A Guide to Optimal Wellness in the Childbearing Year – Nutrition for the Childbearing Year: An Introduction
I have had many requests to provide good resources for prenatal nutrition over the years and I hope that you find the following posts helpful. I will introduce some concepts about pregnancy nutrition that are easy to use, but challenge you to examine your diet and work toward understanding your body’s needs before and during pregnancy. I’ll also touch upon the ways that your optimal nutrition might be different than another’s optimal nutrition.
I do suggest that your best source of guidance regarding an optimal diet for your unique needs is to work with a Certified Nutrition Specialist, Registered Dietitian or other expert specializing in prenatal nutrition in partnership with your midwife or doctor.
Eating well for you and your baby
In general, eating fresh, properly prepared foods from the four major food groups, enjoying a diverse and varied diet, avoiding processed foods and minimizing sugar and caffeine gets you on the right track. Eating organically, whenever possible, reduces exposure to pesticides to you and your baby, and in many cases it increases your exposure to foods that are higher in nutritional value. Some organic foods have been found to be higher in nutrients than their non-organic counterparts. Grass-fed or pastured meats, whether or not they are certified organic, also have higher nutritive value and balanced omega 3 and 6 ratios. Likewise, locally grown produce is also more nutritious, as it makes its way to your table in a matter of days, rather than weeks.
Tips to get you started on eating well to be well
- Shop at your local farmers market and try new seasonally available foods.
- Join a co-op or CSA, both of which can be economical ways to have new things show up in your refrigerator.
- Try a new cookbook or cooking magazine, or follow a few favorite blogs to inspire, committing to a goal of using new ingredients, getting more vegetables in, or whatever the gap may be in your nutrition profile.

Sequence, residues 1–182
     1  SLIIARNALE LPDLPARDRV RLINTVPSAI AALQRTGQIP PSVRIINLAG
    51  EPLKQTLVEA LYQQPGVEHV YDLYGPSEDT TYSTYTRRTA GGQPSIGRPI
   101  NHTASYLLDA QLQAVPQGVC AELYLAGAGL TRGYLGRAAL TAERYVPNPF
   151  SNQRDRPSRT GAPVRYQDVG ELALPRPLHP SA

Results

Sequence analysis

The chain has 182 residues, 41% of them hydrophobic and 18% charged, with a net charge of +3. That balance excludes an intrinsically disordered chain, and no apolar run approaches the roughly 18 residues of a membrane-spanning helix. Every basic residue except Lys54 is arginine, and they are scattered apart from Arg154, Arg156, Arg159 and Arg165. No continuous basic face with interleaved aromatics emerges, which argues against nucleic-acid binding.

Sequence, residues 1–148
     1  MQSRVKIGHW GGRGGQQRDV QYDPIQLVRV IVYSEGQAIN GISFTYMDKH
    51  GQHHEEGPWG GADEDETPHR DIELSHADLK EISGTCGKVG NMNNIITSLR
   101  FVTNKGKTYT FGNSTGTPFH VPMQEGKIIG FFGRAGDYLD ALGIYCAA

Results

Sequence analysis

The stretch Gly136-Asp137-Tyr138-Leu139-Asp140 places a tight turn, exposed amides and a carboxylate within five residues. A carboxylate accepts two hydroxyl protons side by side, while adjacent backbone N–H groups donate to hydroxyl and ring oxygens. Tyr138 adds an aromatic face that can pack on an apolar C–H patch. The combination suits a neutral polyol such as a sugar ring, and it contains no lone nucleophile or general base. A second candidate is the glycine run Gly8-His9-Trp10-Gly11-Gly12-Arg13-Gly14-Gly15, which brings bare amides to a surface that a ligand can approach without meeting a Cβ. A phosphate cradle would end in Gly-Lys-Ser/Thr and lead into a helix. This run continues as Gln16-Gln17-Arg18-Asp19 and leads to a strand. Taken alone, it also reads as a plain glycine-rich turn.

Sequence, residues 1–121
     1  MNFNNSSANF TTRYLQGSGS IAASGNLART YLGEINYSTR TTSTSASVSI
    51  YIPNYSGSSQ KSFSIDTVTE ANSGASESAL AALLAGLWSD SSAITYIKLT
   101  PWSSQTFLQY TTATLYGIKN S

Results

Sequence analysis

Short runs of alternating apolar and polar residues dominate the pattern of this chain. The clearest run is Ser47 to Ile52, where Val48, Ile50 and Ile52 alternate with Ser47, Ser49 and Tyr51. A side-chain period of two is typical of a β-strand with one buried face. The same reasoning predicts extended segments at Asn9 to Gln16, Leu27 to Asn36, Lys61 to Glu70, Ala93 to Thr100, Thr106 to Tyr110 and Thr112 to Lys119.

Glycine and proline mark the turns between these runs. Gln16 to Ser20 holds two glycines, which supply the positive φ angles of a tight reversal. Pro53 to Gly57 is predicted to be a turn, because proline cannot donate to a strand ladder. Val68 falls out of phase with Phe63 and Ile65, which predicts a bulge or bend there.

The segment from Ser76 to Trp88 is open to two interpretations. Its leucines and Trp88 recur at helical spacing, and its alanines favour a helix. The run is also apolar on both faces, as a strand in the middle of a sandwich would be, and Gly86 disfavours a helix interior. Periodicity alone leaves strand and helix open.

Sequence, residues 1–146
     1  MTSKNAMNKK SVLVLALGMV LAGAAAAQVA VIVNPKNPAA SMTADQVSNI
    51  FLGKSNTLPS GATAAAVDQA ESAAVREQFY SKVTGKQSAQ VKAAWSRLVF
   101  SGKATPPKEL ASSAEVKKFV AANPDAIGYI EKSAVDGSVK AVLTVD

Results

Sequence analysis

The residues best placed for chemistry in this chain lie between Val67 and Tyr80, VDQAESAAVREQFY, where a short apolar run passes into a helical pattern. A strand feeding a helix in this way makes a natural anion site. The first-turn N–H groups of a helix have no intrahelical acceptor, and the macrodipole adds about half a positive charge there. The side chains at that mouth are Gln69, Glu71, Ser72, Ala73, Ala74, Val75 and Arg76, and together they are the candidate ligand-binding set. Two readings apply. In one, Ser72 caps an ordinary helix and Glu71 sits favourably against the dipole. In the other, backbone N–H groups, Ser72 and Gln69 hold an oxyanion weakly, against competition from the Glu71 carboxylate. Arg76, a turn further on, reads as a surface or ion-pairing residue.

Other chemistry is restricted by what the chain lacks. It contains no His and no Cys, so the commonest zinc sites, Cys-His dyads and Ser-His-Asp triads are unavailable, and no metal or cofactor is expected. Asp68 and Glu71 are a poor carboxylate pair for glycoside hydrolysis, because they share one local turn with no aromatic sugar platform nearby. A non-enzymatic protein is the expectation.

- Cook with friends or even try new restaurants for inspiration to help you challenge yourself to try new recipes.
Nutritional choices that you may want to reconsider
There may be some nutritional concepts that you have adopted in your life that aren’t the most beneficial for pregnancy. Very low fat diets or skipping meals is not going to work so well for optimal health in pregnancy, for instance. We know that it’s very common for women in pregnancy to have some nutritional deficiencies, even those who have a balanced and healthful diet. Sometimes deficiencies have to do with absorption of nutrients and while you may be taking in the good stuff, your body may not be fully utilizing it. You will also learn that food safety is a heightened concern when pregnant. I’ll share some tips in future posts on making modifications during pregnancy to reduce your risk of food-borne illness or exposure to pathogens or toxins that can be particularly harmful.
Get a baseline
To begin planning, the best first step is to track what you are eating currently to get an idea which nutrients might be balanced already and which may need some attention. The following apps or online programs have tracking tools that allow you to define which nutrients you want to keep an eye on, like protein, iron and others. All of these tools include ways to track your activity, water intake, remembering to take your supplements and more.
Coming up: What you should know about nutrients, supplementation and more!
What’s to come? In future posts we will talk about sources of nutrients and have a brief discussion about food sources versus supplementation. In most cases—folic acid being the exception—getting your nutritional needs from food sources is more advantageous for you and your baby’s wellbeing.!
Read more blog posts about nutrients in the childbearing year!